Directed by Sam Mendes
written by David Eggers and Vendela Vida
starring (deep breath now): John Krasinski, Maya Rudolph, Catherine O'Hara, Jeff Daniels, Allison Janney, Jim Gaffigan, Josh Hamilton, Maggie Gyllenhaal, Carmen Ejogo, Melanie Lynskey, Chris Messina and Paul Schneider (and exhale)
There is a moment during Away We Go, the fifth film by director Sam Mendes (American Beauty) where I leaned over to my friend and said "this isn't winning me over so far." It was very early on in the film. Less than ten minutes later, my defenses started to wear down and I was swept up in the utter beauty, not of this film (which is often beautiful) but of the main characters Burt and Verona (played with endearing earnestness and soft complexity by John Krasinski and Maya Rudolph, respectively). Their situation isn't always ideal, but their placement in relation to one another absolutely is, without a doubt. Should I want love, that's the kind of love I want. This film has been called many things, an indie-101 dramedy, a road-trip movie, a tired retread. It is, at its heart, a love story. That's what drives the film. That's what makes it work, and it does, rather spledidly, despite all of the things that beg it not to.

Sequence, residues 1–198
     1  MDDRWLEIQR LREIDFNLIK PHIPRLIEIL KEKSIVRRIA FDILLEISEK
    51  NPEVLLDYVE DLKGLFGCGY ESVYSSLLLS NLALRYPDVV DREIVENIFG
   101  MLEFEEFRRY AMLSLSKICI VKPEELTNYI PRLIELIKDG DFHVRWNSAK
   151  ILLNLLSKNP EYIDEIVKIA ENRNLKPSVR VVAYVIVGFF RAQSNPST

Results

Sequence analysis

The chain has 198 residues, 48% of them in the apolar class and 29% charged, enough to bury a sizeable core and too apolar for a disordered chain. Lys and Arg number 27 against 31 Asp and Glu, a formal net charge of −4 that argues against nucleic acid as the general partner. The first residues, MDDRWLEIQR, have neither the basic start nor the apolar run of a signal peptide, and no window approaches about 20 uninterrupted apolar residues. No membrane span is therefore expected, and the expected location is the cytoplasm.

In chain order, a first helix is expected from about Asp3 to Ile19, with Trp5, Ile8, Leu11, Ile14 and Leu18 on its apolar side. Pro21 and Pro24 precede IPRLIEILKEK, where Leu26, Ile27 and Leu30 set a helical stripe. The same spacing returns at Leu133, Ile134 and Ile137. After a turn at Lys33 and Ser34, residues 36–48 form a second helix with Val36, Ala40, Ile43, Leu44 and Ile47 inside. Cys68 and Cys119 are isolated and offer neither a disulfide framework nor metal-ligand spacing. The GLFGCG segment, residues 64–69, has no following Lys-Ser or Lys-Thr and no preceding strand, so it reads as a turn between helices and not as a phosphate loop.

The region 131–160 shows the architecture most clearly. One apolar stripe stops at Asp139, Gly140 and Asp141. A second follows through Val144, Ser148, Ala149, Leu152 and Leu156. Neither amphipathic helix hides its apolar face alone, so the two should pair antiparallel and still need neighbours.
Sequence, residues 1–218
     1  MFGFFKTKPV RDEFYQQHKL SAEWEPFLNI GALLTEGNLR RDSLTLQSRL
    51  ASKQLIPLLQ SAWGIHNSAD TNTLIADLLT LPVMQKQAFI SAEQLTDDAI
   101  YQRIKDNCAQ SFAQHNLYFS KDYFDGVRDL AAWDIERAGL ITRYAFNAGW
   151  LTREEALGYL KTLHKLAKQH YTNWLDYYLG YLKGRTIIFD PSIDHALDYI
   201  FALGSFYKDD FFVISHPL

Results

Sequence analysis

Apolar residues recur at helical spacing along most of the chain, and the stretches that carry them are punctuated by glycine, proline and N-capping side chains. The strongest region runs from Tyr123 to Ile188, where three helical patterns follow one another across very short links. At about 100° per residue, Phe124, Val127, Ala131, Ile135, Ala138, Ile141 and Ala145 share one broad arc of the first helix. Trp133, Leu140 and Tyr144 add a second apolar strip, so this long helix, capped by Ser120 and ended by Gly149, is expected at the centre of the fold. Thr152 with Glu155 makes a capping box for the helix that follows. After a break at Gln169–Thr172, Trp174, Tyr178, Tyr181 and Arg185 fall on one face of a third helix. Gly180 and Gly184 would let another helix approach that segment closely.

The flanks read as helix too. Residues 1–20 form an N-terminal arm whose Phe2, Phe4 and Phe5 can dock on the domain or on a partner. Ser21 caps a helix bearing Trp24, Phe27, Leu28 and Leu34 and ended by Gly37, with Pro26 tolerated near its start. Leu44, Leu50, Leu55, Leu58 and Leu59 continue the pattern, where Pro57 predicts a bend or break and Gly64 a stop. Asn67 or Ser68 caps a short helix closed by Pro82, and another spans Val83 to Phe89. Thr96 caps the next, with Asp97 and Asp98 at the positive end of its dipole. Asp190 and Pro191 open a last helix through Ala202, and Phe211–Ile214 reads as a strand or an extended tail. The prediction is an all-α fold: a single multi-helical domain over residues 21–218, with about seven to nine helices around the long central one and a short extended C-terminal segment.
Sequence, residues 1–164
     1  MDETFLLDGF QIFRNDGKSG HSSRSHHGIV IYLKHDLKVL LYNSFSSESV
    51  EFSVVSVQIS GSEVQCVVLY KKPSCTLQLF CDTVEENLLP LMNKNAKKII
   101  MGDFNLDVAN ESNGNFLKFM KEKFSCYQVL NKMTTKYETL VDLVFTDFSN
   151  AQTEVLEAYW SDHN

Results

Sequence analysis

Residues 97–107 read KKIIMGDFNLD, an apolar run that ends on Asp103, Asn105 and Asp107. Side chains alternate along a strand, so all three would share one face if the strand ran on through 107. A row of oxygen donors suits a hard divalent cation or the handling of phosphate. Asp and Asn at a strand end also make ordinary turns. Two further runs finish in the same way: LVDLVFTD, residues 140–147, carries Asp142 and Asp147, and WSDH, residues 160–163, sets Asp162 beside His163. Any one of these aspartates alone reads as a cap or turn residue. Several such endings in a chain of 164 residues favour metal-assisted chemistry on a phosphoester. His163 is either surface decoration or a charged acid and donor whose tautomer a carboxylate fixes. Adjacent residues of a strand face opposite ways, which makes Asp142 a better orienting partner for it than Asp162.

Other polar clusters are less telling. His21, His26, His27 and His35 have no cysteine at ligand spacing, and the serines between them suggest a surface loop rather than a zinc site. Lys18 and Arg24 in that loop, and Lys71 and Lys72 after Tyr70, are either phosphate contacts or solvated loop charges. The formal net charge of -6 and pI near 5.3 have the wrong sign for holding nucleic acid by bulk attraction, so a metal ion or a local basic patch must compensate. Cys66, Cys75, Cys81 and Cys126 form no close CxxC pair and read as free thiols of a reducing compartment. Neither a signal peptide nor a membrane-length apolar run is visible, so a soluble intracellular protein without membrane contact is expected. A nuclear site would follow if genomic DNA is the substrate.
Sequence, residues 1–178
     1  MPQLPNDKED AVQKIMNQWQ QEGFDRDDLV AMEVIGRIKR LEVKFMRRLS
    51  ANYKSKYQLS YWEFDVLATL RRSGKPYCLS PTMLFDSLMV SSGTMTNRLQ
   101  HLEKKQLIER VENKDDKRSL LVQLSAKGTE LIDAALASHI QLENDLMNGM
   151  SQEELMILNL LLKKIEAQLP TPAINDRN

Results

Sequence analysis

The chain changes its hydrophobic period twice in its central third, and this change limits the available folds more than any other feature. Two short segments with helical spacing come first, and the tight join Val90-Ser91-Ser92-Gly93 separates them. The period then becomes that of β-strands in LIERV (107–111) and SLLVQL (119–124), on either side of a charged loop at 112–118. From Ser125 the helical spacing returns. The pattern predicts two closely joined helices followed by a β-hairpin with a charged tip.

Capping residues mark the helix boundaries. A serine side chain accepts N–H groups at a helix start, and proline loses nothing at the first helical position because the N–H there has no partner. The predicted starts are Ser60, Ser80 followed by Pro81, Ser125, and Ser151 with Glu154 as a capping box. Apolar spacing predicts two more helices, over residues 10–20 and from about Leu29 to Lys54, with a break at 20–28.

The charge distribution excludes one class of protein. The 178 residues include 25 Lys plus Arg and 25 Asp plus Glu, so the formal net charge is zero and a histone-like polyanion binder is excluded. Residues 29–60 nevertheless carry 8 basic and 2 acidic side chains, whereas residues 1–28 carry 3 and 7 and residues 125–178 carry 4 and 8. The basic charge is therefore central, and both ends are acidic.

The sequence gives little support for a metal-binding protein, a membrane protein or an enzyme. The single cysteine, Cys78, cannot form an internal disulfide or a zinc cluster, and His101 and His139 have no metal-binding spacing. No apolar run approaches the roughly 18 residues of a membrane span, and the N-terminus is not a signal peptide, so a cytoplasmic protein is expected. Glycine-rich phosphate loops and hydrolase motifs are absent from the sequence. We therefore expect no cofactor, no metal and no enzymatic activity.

Verona and Burt are an unmarried thirty-something couple expecting their first child together. After Burt's parents (their only nearby relatives played by Catherine O'Hara and Jeff Daniels) announce plans to move to Antwerp, Belgium, the couple (at Verona's urging) decides to go on a journey all over North America looking for the perfect place to raise their family. The result is several different vignettes, titled "Away to Tuscon," and "Away to Montreal," etc. Burt is a space, yet intelligent man and is fiercely devoted to Verona. He wants their unborn daughter to have what he describes as a "Huck-finnish" upbringing. Verona loves Burt fiercely as well. But she is nervous about what kind of mother she will be, and nervous about their lack of roots. Her pregnancy has also brought on feelings of sadness about the death of her parents when she was in her early twenties. Verona refuses to marry Burt, but we never get the impression that it's because she doesn't love him. She says "I just don't see the point" and we believe her. A lesser film, or at least a more obvious one, would have made this a source of conflict between Verona and Burt. But both the director and the screenwriters know and love these characters too much to swim into those predictable waters.